In order to accomplish these objectives, the tool 130 is provided with lengthened extension members 136, 138. Therefore, when an axially compressive force is applied to the extension assembly 132 by, for example, a conventional setting/retrieval tool 140 attached to the tool 130 as described above, the lengthened extension members 136, 138 will force an intermediate portion 142 of the extension assembly a comparatively large radial distance outward from the mandrel 14b.

Thus have been described the tools 10, 90 and 130 which close off extrusion gaps, permit increased radial clearances between the tools and tubular members in which they are installed, permit increased radial extension for gripping and sealing engagement with tubular members, are compact, require relatively few components, are conveniently retrievable, are easily millable, and which may include circumferentially continuous gripping members for uniform gripping engagement with tubular members. In particular, the tools 10, 90, 130 are versatile enough to permit their use in a wide variety of casing sizes and weights, thereby reducing costs of designing, testing, warehousing, etc. many different sizes of tools.

Of course, a person of ordinary skill in the art would find it obvious to make modifications, additions, deletions, substitutions, and other changes to the various embodiments of the invention representatively illustrated and described herein. Accordingly, the foregoing detailed description is to be clearly understood as being given by way of illustration and example only, the spirit and scope of the present invention being limited solely by the appended claims.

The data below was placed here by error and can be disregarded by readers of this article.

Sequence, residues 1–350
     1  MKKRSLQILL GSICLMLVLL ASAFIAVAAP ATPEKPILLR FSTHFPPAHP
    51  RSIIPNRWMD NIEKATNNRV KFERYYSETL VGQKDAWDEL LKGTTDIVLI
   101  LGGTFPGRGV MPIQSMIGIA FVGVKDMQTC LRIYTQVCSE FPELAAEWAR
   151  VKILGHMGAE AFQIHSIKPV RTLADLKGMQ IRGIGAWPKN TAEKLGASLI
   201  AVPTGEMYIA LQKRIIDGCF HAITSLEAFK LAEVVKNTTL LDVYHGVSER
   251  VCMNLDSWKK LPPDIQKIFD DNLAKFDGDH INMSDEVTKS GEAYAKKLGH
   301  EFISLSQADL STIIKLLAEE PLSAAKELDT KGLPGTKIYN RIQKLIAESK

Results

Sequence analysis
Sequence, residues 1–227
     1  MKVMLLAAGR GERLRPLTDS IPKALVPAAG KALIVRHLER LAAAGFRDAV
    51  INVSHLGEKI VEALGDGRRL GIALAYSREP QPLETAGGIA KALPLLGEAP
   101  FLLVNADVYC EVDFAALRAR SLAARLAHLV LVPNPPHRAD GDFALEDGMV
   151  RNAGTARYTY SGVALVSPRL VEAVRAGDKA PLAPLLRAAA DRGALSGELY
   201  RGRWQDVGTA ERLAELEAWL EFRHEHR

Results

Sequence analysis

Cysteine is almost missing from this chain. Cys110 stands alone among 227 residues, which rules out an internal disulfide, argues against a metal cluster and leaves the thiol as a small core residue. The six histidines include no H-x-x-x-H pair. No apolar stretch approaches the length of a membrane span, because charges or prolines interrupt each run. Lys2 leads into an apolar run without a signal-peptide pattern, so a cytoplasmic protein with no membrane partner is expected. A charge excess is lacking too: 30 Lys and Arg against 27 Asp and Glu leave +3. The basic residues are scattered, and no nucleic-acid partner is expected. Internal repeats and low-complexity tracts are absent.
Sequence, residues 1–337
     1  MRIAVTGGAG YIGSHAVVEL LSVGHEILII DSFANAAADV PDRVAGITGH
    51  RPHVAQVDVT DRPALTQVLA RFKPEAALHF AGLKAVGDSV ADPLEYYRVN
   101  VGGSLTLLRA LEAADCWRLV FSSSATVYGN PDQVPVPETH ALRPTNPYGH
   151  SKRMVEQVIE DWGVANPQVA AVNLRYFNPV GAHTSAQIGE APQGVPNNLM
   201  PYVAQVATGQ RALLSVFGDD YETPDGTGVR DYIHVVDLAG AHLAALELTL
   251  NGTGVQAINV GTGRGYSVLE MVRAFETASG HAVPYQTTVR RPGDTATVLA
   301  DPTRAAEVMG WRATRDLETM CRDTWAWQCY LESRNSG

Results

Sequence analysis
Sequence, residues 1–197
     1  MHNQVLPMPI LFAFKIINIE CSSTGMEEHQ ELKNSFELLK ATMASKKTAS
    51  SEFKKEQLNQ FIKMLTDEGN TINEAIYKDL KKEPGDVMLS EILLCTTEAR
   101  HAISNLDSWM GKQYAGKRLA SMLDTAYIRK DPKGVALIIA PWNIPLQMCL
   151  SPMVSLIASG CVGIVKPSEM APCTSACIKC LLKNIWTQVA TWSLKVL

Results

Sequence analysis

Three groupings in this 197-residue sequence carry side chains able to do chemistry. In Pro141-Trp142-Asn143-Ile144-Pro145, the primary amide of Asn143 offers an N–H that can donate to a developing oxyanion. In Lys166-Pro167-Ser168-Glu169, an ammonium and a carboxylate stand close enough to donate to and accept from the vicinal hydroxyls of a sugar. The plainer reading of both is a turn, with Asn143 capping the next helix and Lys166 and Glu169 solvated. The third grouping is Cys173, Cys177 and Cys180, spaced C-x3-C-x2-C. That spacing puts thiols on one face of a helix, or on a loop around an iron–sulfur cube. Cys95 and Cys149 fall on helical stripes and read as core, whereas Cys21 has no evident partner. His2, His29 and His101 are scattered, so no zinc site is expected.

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Classifications
U.S. Classification166/118, 166/213, 166/196, 166/134
International ClassificationE21B23/01, E21B33/12, E21B33/129
Cooperative ClassificationE21B33/1208, E21B33/1293, E21B23/01
European ClassificationE21B23/01, E21B33/129L, E21B33/12F
Legal Events
DateCodeEventDescription
Apr 22, 2011FPAYFee payment
Year of fee payment: 12
Apr 24, 2007FPAYFee payment
Year of fee payment: 8
Feb 6, 2003FPAYFee payment
Year of fee payment: 4
May 8, 1998ASAssignment
Owner name: HALLIBURTON ENERGY SERVICES, INC., TEXAS
Free format text: ASSIGNMENT OF ASSIGNORS INTEREST;ASSIGNOR:ONEAL, DEAN;REEL/FRAME:009190/0683
Effective date: 19980429